Frederica von Stade sings Italian Opera Arias
Claudio MONTEVERDI (1567-1643)
Il ritorno d'Ulisse in patria
1. Torna, torna * (13:02)
Gioacchino ROSSINI (1792-1868)
2. Di tanti palpiti (7 :24)
Giovanni PAISIELLO (1740-1816)
Nina, o sia La pazza per amore
3. Il mio ben quando verrá (8 :23)
Gioacchino ROSSINI (1792-1868)
4. Bel raggio lusinghier (7:00)
Riccardo BROSCHI (1698-1756)
5. Ombra fedele anch'io (8:50)
Ruggero LEONCAVALLO (1857-1919)
La Bohème
6. E destin! Debbo andarmene coraggio! (6:04)
Frederica von Stade (mezzo)
* with Janice Taylor (mezzo)
National Arts Centre Orchestra/Mario Bernardi
rec. August 1977-July 1978, National Arts Centre, Ottawa
issued under licence by ArkivMusic
SONY CLASSICAL 78518 [50:43]
Frederica von Stade has husbanded her voice wisely and consequently had a long career, yet there is little doubt that the recordings she made in the mid to late 1970s display her beautiful voice at its freshest and most appealing. Affectionately known to her fans as “Flicka”, she has long vied with Marilyn Horne for the title of “America’s favourite mezzo-soprano”, but given the difference in their repertoires, she was never really in direct competition with Horne as their voice-types, although both nominally within the same category, are very different. The main overlap has come in their shared coloratura facility, especially in Rossini - although even there, they differ in areas of strength, Horne offers greater pyrotechnic facility and brilliance while von Stade excels in music requiring plangency and pathos.
I have long loved the melting luxuriance of her voice, with its plush low notes and light, sensuous, flickering vibrato and am delighted that three of her early recitals have been re-issued by ArkivMusic under licence from Sony. The standard LP length of around fifty minutes of music now seems short measure, but I readily admit that the current norm of 80 minutes on CD sometimes constitutes more than I want to hear at one sitting, especially of only one voice, so I have no complaints when the singing is of the quality on offer here.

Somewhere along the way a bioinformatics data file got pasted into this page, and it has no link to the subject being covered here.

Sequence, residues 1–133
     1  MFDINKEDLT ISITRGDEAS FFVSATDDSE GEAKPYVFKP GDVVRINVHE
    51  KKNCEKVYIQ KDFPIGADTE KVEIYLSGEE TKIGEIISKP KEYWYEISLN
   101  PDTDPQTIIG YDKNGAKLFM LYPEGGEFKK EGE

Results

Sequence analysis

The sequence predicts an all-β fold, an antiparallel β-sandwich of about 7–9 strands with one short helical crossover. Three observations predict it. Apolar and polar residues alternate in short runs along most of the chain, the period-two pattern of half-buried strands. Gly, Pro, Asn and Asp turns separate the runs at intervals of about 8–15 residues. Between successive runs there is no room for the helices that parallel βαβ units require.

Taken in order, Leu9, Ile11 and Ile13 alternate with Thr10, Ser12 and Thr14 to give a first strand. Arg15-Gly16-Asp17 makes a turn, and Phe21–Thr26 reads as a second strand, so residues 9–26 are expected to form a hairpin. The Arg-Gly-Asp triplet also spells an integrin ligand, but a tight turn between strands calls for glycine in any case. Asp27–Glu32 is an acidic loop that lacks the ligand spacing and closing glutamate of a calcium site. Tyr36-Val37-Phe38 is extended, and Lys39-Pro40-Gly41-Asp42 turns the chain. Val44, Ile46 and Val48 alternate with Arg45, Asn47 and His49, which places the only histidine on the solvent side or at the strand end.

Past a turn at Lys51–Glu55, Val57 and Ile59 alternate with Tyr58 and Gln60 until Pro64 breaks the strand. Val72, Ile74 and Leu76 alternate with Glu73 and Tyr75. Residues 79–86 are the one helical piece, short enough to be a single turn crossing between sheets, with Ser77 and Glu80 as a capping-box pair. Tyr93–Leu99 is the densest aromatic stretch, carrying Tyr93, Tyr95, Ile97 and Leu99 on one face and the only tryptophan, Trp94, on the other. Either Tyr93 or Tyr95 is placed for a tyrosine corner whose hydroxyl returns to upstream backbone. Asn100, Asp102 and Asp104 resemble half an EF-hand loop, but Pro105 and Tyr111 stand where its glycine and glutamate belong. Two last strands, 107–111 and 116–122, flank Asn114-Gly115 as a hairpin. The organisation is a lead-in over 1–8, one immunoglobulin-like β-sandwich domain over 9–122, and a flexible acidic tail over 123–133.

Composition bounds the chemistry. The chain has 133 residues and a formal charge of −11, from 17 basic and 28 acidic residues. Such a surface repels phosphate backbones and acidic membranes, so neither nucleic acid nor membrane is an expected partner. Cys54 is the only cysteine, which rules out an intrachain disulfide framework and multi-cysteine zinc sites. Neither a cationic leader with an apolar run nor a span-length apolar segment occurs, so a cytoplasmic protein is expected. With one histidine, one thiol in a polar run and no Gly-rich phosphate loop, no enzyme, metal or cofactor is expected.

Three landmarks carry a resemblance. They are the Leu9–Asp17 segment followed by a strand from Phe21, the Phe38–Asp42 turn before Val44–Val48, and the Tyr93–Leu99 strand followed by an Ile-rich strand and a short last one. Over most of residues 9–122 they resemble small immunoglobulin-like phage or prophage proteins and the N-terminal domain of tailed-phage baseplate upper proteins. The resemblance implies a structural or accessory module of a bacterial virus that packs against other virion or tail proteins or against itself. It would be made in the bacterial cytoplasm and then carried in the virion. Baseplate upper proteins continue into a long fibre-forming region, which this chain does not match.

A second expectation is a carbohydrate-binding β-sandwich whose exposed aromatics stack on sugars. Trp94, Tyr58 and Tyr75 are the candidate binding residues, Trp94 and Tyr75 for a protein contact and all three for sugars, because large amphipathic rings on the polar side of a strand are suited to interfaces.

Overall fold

This recital offers arias spanning three hundred years of Italian opera. The programme is eclectic and the last item might even seem a little incongruous, in that we leap from Baroque of Broschi (who?) to the verismo of Leoncavallo but the music has been chosen carefully to display all the merits, virtues and charms of von Stade’s mezzo range. She is always ideal playing suffering women in various states of distress, scorn and abuse and as such was always an adorable Cenerentola/Cendrillon in Rossini and Massenet respectively, but it is something of a relief to hear her sing two more upbeat Rossini arias in the trouser role of Tancredi and the exultant Semiramide. The latter features the one slightly less than agreeable characteristic of her voice which was apparent even in her prime and was to become more noticeable over time: the slight discoloration of notes from top B and above - in other words, the required “upper extension” of the Rossini mezzo with which Colbran (Rossini’s wife) herself soon began to experience difficulties. Conversely, it is also the aria which displays her perfect trill and equal gift for elation as opposed to unvaried melancholy.
She lives each character most convincingly; the least overtly characterised item is the aria from Broschi’s “Idaspe” which will constitute a pleasant surprise to new generations of operaphiles. It is a static, old-fashioned display aria, very grand and dignified with its soaring tune and staccato-obbligato trumpet accompaniment, originally written for the castrato divo Farinelli, Von Stade nicely encompasses the switches on this disc between male and female roles by colouring her voice differently, with a more mellow timbre. For Paisiello’s Nina, she adopts an aptly lighter, more feminine tone suggestive of innocence and simplicity as befits the music, which is reminiscent of Gluck in plaintive mode, especially given the prominence of the flute accompaniment.
The leap to Leoncavallo’s mezzo Musetta is a wrench but one is soon swept along by the gorgeous tune, lush orchestration and von Stade’s trademark ability to tug the heartstrings. In a sense, we have come full emotional circle from the opening item, in which von Stade recalls a famous Glyndebourne role and movingly delineates Penelope’s fidelity and devotion. She is ably supported here by fellow-mezzo Janice Taylor’s Eridea.
The support from Mario Bernardi and the Canadian orchestra is sensitive and flexible, the recorded sound ideal. This disc makes a perfect companion to “von Stade’s delectable French opera aria recital made in 1976 under Pritchard. 

Ralph Moore 

Displays all the merits, virtues and charms of von Stade’s mezzo range.